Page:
The case of an Oregonian medical marijuana advocate is a cautionary tale for all those continuing to fight the cause of legalization both on local and national fronts.
As our Oregon marijuana lawyers understand it, the sponsor of the Oregon Marijuana Policy Initiative, which sought to have marijuana legalized for recreational purposes in the state, was fined for violating a state law barring sponsors from paying petitioners based on how many signatures they collect, as opposed to how many hours they worked.
The fine was first issued back in the spring of 2012 by the Oregon Secretary of State. The allegations involved two petitioners, who were reportedly improperly paid petitioners for 26 out of 30,000 signature sheets that were ultimately submitted by the campaign. The petitioners, per state law, should have been paid by the hour for their work.
The organization’s sponsor has said the two petitioners who accused him were reportedly “incapable of telling the truth.”
The $65,000 fine was the largest ever issued in the state for such a violation, nearly six times higher than the previous record. Prior to that, the biggest fine ever issued for a similar offense was back in 2008, for about $11,000.
The fine was appealed by the sponsor to a senior administrative law judge, who ultimately upheld the fine, saying she believed that the sponsor did in fact violate the law.
The sponsor vehemently denied this, pointing out that the case relied heavily on the testimony of the two petitioners. Only one of those reportedly showed up to the hearing and, according to the sponsor, that individual was found under cross-examination to have lied about numerous aspects of the case.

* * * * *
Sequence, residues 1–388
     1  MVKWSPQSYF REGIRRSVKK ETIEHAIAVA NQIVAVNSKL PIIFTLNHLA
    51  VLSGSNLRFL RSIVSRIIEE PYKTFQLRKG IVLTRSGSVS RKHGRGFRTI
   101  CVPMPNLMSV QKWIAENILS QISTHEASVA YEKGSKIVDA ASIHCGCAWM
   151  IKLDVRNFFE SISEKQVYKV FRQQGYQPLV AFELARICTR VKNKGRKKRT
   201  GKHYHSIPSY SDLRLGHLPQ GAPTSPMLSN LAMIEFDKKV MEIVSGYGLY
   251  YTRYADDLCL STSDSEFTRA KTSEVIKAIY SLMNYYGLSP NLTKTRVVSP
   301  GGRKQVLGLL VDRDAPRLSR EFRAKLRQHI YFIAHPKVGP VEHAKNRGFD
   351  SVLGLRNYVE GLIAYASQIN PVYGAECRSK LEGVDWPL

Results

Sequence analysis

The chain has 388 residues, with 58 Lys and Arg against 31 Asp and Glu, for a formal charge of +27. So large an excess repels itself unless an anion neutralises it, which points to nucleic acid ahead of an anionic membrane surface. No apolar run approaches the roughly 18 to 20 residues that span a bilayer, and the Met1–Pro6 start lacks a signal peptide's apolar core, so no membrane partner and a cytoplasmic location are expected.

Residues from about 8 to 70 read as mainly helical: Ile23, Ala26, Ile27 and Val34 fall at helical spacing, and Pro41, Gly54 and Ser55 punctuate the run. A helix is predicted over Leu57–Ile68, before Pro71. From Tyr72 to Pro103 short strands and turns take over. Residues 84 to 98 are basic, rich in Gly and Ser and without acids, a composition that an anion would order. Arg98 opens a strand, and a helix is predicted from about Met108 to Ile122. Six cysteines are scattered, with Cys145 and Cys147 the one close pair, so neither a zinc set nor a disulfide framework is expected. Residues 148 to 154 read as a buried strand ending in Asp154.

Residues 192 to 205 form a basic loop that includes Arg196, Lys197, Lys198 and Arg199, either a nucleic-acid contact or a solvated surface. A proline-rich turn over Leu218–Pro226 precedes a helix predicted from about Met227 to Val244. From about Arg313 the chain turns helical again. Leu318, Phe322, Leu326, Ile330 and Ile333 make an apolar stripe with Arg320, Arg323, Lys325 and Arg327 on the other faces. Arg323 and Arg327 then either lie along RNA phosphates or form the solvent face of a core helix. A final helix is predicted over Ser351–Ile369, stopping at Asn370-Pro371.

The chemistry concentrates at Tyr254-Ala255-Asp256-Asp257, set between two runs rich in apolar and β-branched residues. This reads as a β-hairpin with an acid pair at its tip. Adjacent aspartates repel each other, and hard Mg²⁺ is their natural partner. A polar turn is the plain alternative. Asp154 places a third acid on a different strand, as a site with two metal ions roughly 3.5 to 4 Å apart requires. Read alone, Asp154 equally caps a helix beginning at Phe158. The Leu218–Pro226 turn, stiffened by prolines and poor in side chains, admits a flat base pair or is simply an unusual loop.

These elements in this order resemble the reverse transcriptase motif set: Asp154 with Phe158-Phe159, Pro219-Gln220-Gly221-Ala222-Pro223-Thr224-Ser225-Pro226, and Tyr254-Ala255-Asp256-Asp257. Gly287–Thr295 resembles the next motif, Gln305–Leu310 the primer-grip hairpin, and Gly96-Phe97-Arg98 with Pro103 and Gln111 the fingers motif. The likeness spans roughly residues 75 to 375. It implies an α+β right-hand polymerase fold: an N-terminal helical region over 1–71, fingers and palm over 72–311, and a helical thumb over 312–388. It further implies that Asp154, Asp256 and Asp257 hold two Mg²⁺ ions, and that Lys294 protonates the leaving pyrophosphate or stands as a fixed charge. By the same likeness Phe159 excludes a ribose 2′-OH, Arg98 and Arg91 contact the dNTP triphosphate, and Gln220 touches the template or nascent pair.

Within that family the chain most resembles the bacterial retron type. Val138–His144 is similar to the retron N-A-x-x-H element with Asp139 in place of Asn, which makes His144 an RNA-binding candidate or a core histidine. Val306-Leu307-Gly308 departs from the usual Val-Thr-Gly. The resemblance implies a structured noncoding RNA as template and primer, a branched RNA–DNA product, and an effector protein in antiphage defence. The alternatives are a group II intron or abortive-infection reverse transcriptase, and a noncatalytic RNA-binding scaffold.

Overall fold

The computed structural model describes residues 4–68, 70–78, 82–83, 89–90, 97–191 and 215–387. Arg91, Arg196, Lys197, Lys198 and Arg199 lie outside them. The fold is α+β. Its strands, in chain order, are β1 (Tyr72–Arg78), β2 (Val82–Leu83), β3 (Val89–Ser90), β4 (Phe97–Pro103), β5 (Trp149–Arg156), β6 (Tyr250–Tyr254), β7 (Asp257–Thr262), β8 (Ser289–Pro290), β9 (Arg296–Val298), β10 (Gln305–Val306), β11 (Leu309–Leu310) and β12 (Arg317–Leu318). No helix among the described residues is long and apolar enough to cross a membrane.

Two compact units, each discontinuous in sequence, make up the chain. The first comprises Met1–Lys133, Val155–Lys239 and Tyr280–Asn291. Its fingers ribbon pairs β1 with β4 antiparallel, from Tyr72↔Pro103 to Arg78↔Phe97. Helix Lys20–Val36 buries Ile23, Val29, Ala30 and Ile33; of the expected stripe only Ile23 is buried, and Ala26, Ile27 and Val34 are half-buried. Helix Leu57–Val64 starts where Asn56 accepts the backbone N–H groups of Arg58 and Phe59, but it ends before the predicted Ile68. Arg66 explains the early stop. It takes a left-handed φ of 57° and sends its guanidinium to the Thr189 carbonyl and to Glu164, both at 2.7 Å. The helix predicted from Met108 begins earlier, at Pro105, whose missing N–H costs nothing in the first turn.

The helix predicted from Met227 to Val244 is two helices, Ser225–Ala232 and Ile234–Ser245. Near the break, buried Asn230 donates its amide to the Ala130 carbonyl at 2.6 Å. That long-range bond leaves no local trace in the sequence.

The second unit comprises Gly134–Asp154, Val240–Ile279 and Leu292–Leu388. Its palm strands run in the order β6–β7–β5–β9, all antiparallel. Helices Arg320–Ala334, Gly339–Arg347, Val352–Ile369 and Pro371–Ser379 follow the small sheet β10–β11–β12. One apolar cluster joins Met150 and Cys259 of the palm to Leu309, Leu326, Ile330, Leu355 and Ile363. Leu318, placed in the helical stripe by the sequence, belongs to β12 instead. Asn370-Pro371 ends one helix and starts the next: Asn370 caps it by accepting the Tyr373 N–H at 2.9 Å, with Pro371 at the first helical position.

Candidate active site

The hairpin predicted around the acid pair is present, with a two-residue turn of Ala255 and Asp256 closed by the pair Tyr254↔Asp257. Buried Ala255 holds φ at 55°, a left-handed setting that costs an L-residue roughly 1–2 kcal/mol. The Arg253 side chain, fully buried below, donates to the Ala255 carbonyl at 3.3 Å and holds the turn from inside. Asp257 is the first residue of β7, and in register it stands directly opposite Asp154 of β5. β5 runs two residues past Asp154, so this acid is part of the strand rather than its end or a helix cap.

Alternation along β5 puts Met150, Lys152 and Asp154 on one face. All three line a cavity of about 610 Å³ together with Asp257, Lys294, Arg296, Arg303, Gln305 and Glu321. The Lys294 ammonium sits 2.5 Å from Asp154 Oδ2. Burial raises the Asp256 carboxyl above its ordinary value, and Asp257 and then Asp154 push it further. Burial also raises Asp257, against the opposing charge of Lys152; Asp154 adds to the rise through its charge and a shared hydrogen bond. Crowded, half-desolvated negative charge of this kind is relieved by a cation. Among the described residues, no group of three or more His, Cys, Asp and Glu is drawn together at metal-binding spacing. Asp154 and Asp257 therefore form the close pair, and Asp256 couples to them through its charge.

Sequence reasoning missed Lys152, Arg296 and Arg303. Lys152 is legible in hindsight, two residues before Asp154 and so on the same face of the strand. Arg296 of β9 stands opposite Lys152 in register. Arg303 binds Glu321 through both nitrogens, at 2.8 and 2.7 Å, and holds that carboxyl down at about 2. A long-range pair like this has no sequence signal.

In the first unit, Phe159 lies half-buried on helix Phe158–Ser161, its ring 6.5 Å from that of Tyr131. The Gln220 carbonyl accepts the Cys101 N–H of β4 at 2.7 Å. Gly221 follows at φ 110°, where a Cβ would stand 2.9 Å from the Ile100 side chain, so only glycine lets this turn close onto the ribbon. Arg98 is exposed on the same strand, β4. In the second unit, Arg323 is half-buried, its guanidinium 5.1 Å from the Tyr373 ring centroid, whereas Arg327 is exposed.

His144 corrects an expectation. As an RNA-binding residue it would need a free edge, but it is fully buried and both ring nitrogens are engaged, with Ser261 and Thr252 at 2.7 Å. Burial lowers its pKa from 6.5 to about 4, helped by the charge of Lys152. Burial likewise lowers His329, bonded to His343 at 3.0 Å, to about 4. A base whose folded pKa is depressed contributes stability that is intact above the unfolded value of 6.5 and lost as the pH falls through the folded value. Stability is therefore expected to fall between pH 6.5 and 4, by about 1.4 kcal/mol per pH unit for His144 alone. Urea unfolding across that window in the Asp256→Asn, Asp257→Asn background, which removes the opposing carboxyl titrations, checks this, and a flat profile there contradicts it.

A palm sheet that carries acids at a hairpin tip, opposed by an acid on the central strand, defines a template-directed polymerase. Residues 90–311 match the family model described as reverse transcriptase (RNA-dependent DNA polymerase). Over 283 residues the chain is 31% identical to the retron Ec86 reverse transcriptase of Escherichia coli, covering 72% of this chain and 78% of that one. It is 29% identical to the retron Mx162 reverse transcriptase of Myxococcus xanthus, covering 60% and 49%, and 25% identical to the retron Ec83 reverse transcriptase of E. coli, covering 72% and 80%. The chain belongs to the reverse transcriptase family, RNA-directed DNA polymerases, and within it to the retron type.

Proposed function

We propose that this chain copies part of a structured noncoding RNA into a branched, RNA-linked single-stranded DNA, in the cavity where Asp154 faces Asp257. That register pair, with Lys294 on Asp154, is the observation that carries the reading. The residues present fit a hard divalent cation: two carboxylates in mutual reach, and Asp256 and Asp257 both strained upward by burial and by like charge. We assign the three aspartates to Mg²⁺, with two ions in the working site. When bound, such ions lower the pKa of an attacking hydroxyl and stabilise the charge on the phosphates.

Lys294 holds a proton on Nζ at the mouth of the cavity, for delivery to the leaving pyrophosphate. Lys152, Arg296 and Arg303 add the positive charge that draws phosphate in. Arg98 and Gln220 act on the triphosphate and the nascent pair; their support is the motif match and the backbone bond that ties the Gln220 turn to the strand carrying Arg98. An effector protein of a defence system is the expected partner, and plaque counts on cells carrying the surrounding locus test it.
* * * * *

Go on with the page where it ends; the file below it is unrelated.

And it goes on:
For example, this individual said he spent a number of hours collecting signatures at the busy market area in both January and February of 2012. However, later research would reveal that the market area wasn’t open during those times.
The other petitioner, who did not show up to court, had initially filed a wage-and-hour complaint with the state’s Bureau of Labor and Industries indicating that he had worked every day in the first two weeks of February. However, it was later revealed in a phone deposition that this individual was actually out-of-state during those dates.
The sponsor’s efforts would have asked voters in Oregon to green light a state constitutional amendment to legalize marijuana for recreational purposes. The measure needed 116,000 signatures to qualify for the ballot, and the sponsor was able to collect a total of 175,000. However, the measure didn’t make the ballot after the secretary of state’s office disqualified nearly half of the signatures. The sponsor sued, but the measure still never made it on the ballot.
A similar measure, the Oregon Cannabis Tax Act, also widely recognized as Measure 80, did make its way before voters in 2012. However, it was ultimately defeated by a narrow margin.
The sponsor has said he intends to appeal.
We absolutely support civil involvement, particularly as it regards marijuana rights. However, ensuring that all actions relating to the process are aligned with local, state and federal laws is critical. Individuals and organizations involved in such efforts should first consult with an experienced marijuana lawyer before embarking on their initiative.